There are many species of scale insects that feed on a wide range of host plants. Scale insects are a unique group, that look quite different from other insects. In their juvenile growth stage, they are referred to as "crawlers". As crawlers, they are highly mobile, six-legged, have no protective cover, and are usually smaller than a pinhead. However, at maturity, scale insects are immobile, have no visible legs or antennae, and in the case of armored scales, are covered with a protective shell that ranges from about 1/16-to-3/8-inches in size.
Scale insects can be divided into two groups: armored scales and soft scales. Armored scales secrete a protective cover over their bodies and usually overwinter as eggs beneath the female cover. Soft scales are usually larger, lack the protective cover, but protect themselves with waxy secretions. Most soft scales overwinter as immature, fertilized females.
Scale insects feed on plant sap. Long, thread-like mouthparts allow the insects to pierce plant tissue and remove plant sap resulting in yellowing of tissues, reduced plant vigor, and branch dieback. During feeding by soft scale species, excess plant sap is excreted as a sweet, sticky material called honeydew. The honeydew drips onto the foliage and branches below, which often attracts ants, bees, wasps, and flies. Also, a dark fungus called black sooty mold can be found growing on the nutritious honeydew. This fungus blackens roofs, porches, and any plant foliage where the honeydew is deposited.
Armored Scale Species
Euonymus scale is usually found on lower branches or on the new leaves of several species of euonymus, bittersweet, and pachysandra. The male scale produces a small, thin, white covering and can be quite numerous on the undersides of leaves. The female scale lives under a gray or brown shell and is usually found on the branches. The female scale overwinters under its protective shell and deposits eggs in early spring under the scale covering. The eggs hatch into yellow-orange colored crawlers over a two-to-three week period in late May or early June. As the nymphs develop, they crawl to other parts of the host plant to feed, although they can be blown to other susceptible hosts. Once they start feeding, they quickly begin to produce the hard protective covering as they grow. Two generations are commonly produced per year.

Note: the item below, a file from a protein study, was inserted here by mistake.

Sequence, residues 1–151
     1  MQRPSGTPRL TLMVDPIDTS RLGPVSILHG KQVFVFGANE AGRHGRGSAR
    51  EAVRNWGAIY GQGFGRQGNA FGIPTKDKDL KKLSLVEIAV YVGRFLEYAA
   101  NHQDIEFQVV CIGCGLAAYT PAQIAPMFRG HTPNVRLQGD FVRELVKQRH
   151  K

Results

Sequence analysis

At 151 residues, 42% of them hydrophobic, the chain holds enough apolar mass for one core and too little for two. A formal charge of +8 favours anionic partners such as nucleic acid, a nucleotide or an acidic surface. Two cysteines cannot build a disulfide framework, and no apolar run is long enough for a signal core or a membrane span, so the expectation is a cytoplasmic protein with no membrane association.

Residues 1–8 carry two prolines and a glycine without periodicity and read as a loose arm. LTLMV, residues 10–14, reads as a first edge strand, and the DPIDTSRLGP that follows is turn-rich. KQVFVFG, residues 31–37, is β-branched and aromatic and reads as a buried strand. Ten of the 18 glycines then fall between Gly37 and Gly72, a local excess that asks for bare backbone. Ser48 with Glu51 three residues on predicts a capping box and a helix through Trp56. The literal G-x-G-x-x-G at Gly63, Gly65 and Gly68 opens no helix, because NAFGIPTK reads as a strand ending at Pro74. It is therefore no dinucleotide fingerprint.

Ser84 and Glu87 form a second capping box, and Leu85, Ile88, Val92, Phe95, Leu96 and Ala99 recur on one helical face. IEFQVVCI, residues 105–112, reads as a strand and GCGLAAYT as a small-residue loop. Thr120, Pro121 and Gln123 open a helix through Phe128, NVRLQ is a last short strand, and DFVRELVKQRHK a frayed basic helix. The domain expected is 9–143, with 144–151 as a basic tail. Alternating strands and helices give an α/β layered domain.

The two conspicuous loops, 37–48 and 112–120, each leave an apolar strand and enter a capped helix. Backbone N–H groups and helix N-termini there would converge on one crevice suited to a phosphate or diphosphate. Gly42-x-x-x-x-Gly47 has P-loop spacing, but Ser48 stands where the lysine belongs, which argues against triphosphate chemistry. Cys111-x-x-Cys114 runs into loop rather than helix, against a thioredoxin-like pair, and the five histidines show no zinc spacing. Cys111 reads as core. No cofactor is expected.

Oystershell scale found in our area is either the gray race or the brown race. Host plants include ash, dogwood, lilac, maple, and willow. The oystershell scale adult armor is light to dark brown and shaped like a tiny oystershell. The scale overwinters in the egg stage under the females' protective cover. Two generations are produced per year. Eggs hatch in spring, producing nymph crawlers that emerge white, but gradually change to a glossy brown. By mid July, the scale is fully grown. A second generation follows in late August or early September.